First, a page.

Passover Traditions and Gifts

The Passover Holiday

The holiday of Passover, or Pesach, is a time to celebrate the emancipation of the Israelites from Ancient Egypt. The holiday is celebrated over an eight-day period, from March 30th to April 7th. This period of time is referred to as the Hebrew month of Nissan. During the festival, Jewish families around the globe partake in a Seder feast. Before the meal, certain Jewish prayers and customs are performed in order to pay respect to the mass migration of the Israelites for Egypt to the Holy Land. During the Seder, families use four cups of wine, eat matzah, and taste bitter herbs, all while reciting the story of the Exodus. The word ‘Passover’ is in reference to the moment that G-d passes over Egypt and spares the Jewish families. In this pass over, G-d kills every firstborn, including the Pharaoh's son. Due to his devastating grief, the Pharaoh releases the Jews from slavery and allows them to leave with G-d’s messenger, Moses, so they can travel to the Promised Land.

The Jewish Prayers of Pesach

During Passover, there are many prayers and traditions that must be followed. The meal is a way to celebrate Israelite freedom, socialize, as well as share knowledge and traditions to the younger members of your family. Passover can be an especially important holiday because it gives families the opportunity to teach children table manners, the Hebrew language, as well as the ceremonial traditions of the Jewish faith.
The seder is broken into various steps that must be completed in order. These are the following steps:


In the first portion of the Seder, Kiddush is recited over the first cup of wine called The Cup of Sanctification. If you have children, grape juice is also an acceptable choice. Kiddush is a very common prayer in the Jewish faith, as it is recited not just for the Passover holiday, but for Sabbath as well. It is important not to drink any of the wine or juice until after the blessing has been fully recited.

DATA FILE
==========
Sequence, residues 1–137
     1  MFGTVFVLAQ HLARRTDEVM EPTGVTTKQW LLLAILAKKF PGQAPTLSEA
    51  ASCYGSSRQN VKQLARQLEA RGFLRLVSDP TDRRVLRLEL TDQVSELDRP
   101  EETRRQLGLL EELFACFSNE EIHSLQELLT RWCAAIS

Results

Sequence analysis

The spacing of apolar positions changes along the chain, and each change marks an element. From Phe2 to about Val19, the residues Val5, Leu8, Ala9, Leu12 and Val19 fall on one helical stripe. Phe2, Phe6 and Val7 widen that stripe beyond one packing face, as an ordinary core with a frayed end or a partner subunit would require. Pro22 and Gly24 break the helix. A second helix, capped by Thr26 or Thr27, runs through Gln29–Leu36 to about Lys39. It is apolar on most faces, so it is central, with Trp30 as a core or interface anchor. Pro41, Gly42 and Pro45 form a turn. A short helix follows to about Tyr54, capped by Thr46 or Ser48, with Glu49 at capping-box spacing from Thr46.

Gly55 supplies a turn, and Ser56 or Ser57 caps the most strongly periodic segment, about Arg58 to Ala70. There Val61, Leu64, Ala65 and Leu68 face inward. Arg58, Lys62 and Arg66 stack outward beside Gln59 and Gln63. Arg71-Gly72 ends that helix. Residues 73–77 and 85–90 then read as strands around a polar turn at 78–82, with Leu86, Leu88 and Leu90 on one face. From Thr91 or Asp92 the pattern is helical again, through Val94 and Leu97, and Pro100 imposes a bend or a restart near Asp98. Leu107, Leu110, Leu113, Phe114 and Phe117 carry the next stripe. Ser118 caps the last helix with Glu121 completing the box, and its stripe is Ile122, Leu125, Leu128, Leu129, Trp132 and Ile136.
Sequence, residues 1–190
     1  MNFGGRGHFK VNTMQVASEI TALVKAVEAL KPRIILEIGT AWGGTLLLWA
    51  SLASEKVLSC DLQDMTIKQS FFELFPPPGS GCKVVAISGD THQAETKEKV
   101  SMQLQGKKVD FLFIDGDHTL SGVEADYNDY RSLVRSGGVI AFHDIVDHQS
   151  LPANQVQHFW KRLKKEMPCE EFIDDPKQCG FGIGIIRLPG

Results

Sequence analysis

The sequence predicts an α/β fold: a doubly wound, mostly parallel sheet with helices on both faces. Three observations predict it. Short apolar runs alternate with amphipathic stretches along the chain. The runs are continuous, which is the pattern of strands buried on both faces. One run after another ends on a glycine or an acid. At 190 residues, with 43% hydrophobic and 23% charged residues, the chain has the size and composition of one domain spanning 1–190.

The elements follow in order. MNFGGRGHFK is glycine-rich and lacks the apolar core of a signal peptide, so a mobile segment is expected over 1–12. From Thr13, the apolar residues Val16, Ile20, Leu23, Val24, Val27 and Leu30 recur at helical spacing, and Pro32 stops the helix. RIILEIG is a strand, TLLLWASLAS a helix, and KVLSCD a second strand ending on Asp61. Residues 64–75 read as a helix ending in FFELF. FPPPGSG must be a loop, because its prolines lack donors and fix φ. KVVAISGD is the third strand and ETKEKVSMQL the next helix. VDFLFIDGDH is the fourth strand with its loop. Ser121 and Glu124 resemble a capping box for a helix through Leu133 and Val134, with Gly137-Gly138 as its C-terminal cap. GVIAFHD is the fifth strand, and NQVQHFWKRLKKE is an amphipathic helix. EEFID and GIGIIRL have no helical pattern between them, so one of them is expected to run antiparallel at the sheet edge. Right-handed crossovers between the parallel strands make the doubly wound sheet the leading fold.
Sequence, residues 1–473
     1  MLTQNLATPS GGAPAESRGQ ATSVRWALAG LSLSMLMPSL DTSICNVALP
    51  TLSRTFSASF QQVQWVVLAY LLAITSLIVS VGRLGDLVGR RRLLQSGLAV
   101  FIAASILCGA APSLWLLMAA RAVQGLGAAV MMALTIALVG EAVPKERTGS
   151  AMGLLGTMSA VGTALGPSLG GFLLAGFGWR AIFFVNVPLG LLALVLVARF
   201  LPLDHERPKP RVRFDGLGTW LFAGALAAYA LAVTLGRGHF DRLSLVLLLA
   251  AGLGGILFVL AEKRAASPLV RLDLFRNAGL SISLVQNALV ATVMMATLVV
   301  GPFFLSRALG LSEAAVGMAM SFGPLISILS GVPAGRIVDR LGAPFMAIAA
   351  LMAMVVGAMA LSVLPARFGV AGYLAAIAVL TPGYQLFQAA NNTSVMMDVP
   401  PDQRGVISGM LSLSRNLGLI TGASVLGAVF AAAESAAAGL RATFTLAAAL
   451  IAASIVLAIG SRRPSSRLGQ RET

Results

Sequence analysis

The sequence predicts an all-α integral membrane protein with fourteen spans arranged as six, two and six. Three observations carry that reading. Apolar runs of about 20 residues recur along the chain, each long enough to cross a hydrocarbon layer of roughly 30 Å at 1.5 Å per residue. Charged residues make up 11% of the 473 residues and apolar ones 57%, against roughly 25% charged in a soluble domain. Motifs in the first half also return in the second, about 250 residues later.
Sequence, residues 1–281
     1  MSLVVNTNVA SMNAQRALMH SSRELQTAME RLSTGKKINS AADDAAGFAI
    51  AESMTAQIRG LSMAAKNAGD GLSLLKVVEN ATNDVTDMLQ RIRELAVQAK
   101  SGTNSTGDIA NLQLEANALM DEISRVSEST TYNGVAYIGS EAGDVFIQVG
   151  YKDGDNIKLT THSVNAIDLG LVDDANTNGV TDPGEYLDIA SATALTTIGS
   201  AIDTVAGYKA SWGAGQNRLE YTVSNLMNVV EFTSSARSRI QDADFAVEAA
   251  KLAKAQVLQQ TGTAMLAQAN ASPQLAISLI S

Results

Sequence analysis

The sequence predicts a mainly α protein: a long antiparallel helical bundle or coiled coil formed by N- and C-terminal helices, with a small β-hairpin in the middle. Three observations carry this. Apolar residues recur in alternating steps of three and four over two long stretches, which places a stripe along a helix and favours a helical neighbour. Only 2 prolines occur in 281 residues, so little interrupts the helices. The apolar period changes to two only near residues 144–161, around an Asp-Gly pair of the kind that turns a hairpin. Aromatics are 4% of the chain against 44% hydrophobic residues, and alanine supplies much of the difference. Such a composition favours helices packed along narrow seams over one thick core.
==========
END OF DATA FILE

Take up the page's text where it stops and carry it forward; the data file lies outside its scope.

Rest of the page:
Once everyone has taken a drink of wine, everyone must wash their hands. This ceremony of Urchatz is also called netilat-yadayim, translated to mean “washing of the hands.” This ceremony is an important feature of the dinner because it is symbolic of purification. The idea of the ceremony is to wash away your impurities as a way to be ‘clean’ before Hashem (G-d). Typically, this ceremony is conducted by passing around a traditional washing cup. These cups are typically designed with two handles. Why? Well, the cups use two handles as a way to ensure that everyone is completely pure. For instance, if you wash one hand and hold the cup with the dirty hand, you will eventually have to switch to wash the second hand. With a two-handled cup, you are able to separate the clean and dirty handle, while also washing both completely. Today, both Kiddush and Urchatz cups are made with any sort of material, however, the traditional cups are made with real medals. Urchatz cups are especially important because they are an essential tool in the purification ceremony.

According to the second book of Moses, also known as Sefer Shemot, it says, “Make Yourself a copper sink with a base of copper for washing and place it between the Tent of Meeting and the Alter and place water there.”

Because the ceremony of netilat-yadayim is about purification, it would make sense that the cup you use would be made out of a pure material. Netillah cups are made of 100 percent pure copper, which makes them extremely suited for any cleansing ceremonies. It is believed in Jewish mysticism, that having a pure product amplifies the quality of your purification ceremony. Because of this, religious items, such as the netilat-yadayim cup are being made with non-synthetic materials.